India Goes Gaga Over Killer Kolaveri

Why this kolaveri di? Because it is simple, colloquial and rhythmic. The whopping success the ‘Tanglish’ song – Why This Kolaveri Di – has seen, much before the release of the movie, has many a father.

It is the hidden story of how a comic slang from Madurai has travelled all the way, gaining a wide currency by making it to India’s urban youth sub-culture. The occasional singer in Dhanush (actor son-in-law of matinee icon Rajinikanth) has doubled up as the lyricist, adding to the aura of the number. A National award-winning actor, he continues to remain an antithesis of everything that characterises a popular hero.

No wonder then that the simple tune, which has a resemblance to music legend Ilayaraja’s famous song Nila athu vaanathu mele in Kamal Hassan’s Nayagan, has caught up with the imagination of the nation.

And not to be missed is the fact that this peppy number is from the movie, 3, in which Dhanush and Shruti Hassan, daughter of Hassan, are the lead pair. It is also significant as Rajinikanth’s daughter and Dhanush’s wife, Aishwarya, makes her directorial debut with the movie.

The film has already created a lot of excitement down South over a reported lip-lock between Dhanush and Shruti.

The ‘Tanglish’ lingo used in the song conforms to the SMS style of college youth and adults, giving it instant receptivity.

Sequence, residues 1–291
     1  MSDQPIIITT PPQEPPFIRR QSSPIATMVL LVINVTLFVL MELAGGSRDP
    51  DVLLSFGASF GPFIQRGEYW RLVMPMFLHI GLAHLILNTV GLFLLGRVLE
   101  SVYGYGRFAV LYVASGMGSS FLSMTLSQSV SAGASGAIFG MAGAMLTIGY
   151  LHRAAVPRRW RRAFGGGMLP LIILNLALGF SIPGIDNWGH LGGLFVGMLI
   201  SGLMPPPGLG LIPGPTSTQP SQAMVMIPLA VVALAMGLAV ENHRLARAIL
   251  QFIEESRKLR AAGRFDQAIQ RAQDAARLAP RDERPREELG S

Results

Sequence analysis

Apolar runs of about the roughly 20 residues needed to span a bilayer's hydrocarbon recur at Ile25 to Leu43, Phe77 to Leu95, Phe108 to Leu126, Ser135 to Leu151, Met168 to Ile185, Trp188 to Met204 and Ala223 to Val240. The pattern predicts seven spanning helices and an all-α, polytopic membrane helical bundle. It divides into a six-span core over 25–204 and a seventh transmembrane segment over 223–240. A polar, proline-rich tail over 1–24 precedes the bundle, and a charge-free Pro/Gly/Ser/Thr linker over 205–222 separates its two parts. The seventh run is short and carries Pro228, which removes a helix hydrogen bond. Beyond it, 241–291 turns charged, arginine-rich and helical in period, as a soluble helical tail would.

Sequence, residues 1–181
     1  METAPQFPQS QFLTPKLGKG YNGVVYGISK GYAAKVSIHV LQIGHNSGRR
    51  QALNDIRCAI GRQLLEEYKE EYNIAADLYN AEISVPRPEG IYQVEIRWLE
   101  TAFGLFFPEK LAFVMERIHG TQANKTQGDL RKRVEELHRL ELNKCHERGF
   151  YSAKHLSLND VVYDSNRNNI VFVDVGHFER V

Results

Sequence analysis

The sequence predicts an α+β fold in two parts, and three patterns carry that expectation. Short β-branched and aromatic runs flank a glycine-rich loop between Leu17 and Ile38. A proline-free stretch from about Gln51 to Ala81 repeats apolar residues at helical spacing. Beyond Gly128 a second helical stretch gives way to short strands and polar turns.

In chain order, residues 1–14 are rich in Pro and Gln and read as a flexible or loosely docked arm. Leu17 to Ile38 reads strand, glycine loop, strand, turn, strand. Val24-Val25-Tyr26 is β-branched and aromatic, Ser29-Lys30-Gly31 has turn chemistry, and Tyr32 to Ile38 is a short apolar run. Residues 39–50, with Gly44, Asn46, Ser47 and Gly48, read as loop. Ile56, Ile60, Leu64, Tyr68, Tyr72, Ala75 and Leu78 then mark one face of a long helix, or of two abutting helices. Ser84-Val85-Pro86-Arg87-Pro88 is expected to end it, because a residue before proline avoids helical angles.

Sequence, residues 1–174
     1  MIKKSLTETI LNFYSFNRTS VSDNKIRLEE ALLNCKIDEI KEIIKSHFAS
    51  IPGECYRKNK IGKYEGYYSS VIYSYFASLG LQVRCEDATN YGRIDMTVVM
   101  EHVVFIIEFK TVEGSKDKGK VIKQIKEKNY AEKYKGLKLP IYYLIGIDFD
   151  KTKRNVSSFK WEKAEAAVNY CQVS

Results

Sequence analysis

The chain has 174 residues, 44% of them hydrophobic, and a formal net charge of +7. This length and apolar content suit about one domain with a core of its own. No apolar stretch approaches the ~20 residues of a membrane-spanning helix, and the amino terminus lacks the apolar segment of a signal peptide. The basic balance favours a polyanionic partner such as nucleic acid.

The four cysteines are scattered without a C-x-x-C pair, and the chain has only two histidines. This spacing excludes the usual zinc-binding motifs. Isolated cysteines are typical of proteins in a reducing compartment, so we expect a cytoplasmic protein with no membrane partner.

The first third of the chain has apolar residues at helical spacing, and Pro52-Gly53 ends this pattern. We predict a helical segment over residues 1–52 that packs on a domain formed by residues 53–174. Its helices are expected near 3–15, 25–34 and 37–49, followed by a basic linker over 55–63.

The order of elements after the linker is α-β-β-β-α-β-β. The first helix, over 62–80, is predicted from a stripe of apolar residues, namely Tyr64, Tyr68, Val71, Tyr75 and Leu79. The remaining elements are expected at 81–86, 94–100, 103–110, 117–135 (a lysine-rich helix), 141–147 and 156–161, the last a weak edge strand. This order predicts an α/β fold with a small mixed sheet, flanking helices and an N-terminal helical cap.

But Kolaveri has its origin in Madurai where it is commonly used to debunk someone getting worked up for nothing.

“Yen intha kolaveri?” (Why this killer rage?) is a common refrain in the region and it is to the credit of comedian Vadivelu that it got its entry into the popular domain through films. It has received so much acceptance that even kids have been using it without any compunction.

Yet, these things alone cannot be taken as the sole reason for the song’s success.

For one thing, the Internet has helped it reach out to a much larger audience.

The song was first ‘leaked’ on the Internet, and then observing the track’s popularity, the makers released it officially. Was the leak by design or a mere accident is a question that is being debated in coffee shops and drawing rooms of the middle class these days.

For southern film critic and theatre personality, Gnani, it is “sheer marketing that has carried this ordinary song with a regressive anti-woman content” this far.

Questioning the claims of the film crew about the song being a huge hit, he said. “It is mere media hype. Rather than the song being liked by the masses, it is being thrust on them.” According to his reasoning, the movie is also the coming together of the families of Rajinikanth and Kamal Hassan and nothing more was needed for the media to pick it up.

Well, the song as the lyrics suggests deals with the wailing of a youth who failed in love and takes refuge in alcohol – a modern day Devdas! And reminiscing sorrows naturally strikes a chord with the masses.

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